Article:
"Forgetfulness - a gift of God bestowed upon debtors in compensation for their destitution of conscience."
--- Ambrose Bierce
I don't like forgetting things. I do it all the time, but I still don't like it. We are told that age has something to do with it, but I don't buy it. My theory is that we are blasted with hundreds of pellets of information on a daily basis and that information, whether useful or not, interrupts our normal patterns of thought and pushes aside things we should be remembering. Forgetting where the car keys were left or forgetting where we parked, or both, is a nuisance, but it doesn't necessarily mean we are becoming more and more forgetful.
But forgetting to pay a vendor, submit payroll, or return a customer's call can have serious consequences and causes all kinds of pain for us, others, and our business. Tying a string around a finger isn't the answer and neither is having our noses in a Franklin Planner all day. I believe that recalling the important things in life requires that we simplify the input we receive and learn to separate the trash from the cash-the junk from the important stuff.
"Let the past be content with itself, for man needs forgetfulness as well as memory."
--- James Stephens
Forgetfulness can be a useful tool if we can control it. For example, forgetting the news clip you heard on the radio this morning about some person named Jolie breaking up with someone in the Pitts. Is that really useful? Does it make or break how you will conduct business today? Of course not! But we still allow that kind of information to push its way into our minds.
Other, more pertinent information may be interesting, but not needed at this time. Your office manager mentions that the company is planning a Christmas party the second week in December. That is good to know, but not relevant to the meeting with a long-term customer you are seeing in an hour. Separating or compartmentalizing that information is a good habit to learn so that you can keep on track.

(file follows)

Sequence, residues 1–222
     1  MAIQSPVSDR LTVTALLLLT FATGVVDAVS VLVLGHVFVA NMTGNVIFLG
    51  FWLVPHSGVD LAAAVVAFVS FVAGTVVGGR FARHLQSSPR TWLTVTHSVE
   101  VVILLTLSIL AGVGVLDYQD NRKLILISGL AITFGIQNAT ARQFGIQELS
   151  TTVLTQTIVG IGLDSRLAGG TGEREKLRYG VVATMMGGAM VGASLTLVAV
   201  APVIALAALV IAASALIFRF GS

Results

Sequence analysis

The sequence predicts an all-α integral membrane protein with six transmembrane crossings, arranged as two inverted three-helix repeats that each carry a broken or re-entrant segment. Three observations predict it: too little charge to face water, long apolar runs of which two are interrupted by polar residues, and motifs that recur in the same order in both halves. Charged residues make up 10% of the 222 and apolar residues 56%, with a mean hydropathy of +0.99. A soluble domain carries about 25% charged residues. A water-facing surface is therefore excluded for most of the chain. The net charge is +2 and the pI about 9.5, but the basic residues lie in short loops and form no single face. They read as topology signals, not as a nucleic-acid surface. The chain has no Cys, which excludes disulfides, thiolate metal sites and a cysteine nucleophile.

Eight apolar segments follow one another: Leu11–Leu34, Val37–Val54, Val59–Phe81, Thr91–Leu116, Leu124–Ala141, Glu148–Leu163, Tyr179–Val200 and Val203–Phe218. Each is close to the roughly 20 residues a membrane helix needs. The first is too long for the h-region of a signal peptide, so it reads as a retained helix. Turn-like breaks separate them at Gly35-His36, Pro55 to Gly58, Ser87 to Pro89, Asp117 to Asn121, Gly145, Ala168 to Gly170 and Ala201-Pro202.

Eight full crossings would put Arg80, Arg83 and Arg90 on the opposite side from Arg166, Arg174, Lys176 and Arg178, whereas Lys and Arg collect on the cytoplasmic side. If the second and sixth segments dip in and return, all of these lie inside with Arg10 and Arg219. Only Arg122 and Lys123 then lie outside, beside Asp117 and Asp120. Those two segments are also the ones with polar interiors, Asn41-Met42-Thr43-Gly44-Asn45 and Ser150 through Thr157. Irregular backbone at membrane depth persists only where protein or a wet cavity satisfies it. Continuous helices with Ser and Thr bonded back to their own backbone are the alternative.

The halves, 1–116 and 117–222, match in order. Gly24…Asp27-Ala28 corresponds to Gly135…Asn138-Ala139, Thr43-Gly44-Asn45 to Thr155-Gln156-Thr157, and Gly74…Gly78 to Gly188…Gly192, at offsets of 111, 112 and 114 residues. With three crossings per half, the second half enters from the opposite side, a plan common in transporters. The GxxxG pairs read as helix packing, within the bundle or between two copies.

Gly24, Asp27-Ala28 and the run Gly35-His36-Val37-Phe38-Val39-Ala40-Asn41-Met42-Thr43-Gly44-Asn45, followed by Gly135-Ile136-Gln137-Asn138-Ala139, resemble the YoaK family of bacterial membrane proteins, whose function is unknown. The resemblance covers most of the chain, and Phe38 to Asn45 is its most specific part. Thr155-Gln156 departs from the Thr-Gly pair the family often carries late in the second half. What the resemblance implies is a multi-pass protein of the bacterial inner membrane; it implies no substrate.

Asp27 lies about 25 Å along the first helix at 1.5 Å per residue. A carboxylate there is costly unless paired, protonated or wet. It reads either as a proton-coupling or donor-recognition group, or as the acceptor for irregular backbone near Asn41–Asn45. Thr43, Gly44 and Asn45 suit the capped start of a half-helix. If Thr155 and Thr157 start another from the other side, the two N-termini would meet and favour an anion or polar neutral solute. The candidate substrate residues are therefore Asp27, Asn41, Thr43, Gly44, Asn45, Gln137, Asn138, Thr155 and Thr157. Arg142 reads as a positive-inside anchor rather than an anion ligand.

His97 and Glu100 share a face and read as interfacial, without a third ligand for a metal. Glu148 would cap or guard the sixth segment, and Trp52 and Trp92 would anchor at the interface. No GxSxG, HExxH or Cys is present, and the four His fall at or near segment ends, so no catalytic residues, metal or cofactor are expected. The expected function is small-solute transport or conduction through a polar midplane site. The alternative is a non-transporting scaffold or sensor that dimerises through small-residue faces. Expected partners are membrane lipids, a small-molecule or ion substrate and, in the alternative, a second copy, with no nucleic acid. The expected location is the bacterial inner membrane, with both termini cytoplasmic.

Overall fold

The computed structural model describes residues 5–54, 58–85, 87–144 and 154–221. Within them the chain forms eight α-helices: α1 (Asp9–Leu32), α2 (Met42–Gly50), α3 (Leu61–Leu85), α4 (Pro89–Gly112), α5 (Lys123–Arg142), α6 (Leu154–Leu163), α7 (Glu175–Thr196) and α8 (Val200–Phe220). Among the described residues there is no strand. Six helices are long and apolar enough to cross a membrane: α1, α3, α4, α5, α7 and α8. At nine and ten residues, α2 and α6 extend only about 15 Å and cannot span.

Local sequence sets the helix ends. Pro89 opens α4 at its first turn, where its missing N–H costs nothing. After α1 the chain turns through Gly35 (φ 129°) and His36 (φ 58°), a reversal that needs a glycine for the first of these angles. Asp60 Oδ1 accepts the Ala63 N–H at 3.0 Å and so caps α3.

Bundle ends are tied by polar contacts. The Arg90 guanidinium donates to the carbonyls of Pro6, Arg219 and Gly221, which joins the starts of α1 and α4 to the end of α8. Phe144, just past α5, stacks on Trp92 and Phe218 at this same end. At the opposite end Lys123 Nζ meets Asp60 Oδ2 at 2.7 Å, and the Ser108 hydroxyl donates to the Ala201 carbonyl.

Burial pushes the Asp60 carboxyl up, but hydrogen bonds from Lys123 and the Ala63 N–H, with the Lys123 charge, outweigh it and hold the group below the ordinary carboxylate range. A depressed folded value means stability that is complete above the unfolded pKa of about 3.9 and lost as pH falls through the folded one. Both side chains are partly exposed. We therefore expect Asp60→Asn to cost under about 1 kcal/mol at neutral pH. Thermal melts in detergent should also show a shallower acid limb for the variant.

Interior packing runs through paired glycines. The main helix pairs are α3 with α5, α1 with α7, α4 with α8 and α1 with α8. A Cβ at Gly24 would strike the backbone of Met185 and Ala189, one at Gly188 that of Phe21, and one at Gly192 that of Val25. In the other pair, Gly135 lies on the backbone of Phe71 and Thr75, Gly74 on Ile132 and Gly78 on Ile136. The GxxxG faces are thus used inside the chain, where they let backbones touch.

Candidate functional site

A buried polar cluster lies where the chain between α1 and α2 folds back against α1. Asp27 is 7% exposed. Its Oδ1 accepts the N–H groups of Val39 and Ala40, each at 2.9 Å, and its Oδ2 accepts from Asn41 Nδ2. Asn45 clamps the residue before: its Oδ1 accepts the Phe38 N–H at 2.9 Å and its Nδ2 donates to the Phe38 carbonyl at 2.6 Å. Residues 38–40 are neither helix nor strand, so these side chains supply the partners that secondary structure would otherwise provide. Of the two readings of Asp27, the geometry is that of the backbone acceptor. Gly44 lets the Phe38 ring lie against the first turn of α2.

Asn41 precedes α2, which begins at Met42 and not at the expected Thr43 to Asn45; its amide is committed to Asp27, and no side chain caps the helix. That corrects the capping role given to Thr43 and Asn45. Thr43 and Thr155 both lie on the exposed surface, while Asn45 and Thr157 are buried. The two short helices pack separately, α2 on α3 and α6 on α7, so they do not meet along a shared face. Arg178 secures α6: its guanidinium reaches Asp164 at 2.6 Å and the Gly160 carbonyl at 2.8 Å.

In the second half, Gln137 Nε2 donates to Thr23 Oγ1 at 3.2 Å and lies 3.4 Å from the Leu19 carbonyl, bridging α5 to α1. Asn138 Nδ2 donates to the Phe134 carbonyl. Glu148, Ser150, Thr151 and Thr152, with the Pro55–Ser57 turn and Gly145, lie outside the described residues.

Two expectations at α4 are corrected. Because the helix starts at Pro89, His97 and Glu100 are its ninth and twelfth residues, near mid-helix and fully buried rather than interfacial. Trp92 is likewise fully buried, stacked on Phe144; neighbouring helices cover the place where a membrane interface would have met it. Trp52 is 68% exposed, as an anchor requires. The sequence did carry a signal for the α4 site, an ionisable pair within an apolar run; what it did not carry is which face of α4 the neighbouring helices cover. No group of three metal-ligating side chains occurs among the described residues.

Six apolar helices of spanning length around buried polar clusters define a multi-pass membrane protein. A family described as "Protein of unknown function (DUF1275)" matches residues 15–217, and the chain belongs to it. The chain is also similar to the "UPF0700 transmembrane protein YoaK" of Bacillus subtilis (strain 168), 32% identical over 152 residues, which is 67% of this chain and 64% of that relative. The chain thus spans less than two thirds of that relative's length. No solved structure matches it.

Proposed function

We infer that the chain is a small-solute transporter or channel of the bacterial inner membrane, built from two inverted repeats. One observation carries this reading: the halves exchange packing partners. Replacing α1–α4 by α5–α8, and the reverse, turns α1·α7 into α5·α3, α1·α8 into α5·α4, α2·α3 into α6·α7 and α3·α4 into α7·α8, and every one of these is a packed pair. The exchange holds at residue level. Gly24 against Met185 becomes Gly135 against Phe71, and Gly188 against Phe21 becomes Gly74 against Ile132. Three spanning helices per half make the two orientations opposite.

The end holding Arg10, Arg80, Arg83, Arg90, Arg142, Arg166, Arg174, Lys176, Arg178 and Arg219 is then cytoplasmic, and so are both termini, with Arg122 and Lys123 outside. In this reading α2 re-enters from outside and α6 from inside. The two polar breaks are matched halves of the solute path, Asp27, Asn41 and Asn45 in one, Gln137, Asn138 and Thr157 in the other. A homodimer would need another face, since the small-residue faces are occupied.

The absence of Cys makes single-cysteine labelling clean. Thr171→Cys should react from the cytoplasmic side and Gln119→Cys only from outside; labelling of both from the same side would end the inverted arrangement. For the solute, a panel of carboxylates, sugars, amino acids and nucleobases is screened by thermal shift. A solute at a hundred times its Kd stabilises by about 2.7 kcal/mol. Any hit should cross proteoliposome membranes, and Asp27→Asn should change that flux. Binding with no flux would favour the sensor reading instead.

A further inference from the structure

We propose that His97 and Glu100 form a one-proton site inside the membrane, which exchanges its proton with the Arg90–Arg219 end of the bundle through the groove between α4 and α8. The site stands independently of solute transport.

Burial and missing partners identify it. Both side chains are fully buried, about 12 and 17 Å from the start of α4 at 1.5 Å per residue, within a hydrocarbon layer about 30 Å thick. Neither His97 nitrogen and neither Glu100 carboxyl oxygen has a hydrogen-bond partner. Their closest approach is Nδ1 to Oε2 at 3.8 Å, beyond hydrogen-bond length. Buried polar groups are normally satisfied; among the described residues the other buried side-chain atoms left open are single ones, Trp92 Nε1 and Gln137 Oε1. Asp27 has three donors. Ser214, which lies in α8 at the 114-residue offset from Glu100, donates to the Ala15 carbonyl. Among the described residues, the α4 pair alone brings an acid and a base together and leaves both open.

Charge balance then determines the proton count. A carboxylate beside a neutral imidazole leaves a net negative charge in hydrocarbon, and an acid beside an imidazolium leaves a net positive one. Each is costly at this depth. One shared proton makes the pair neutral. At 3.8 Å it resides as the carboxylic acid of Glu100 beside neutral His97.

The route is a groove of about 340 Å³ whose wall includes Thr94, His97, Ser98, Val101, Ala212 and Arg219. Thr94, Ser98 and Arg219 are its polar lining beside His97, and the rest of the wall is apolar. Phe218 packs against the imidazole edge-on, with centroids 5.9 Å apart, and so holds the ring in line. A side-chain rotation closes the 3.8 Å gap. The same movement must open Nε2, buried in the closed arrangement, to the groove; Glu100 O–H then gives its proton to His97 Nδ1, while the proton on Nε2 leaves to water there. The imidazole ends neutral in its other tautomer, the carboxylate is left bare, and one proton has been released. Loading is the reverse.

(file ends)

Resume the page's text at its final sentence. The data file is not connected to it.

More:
"I'm losing friendships over forgetting to get back to people. But you can't keep up with everything. I've got a 13-year-old, a nine-year-old and a baby."
--- Reese Witherspoon
We are all extremely busy and have lives that include more activities and things to remember today than what people had to remember just 10 years ago. It takes more juggling of activities to keep it all in line and still run a profitable business. One good technique is to carry around a small notepad and pencil to jot down things that you learn about now, but can think about later.
This simple act of writing it down and then moving on, tricks your brain into believing that it is not something that has to be stored or addressed at this time. It frees up space in your mind to focus only on what is important at this very moment.
"Whether you're an entrepreneur, an employee, a student, a homemaker, a writer, it's time to start forgetting about all the ways the world has promised you safety and comfort."
--- James Altucher
Finally, forget about the perfect world. George Bailey lived in that world, but our world requires nerves of steel and a mind with the capacity that would put IBM to shame. Forget about trying to be perfect and find tools that will help you separate the important from the unimportant-at least for now. In other words, forget about it.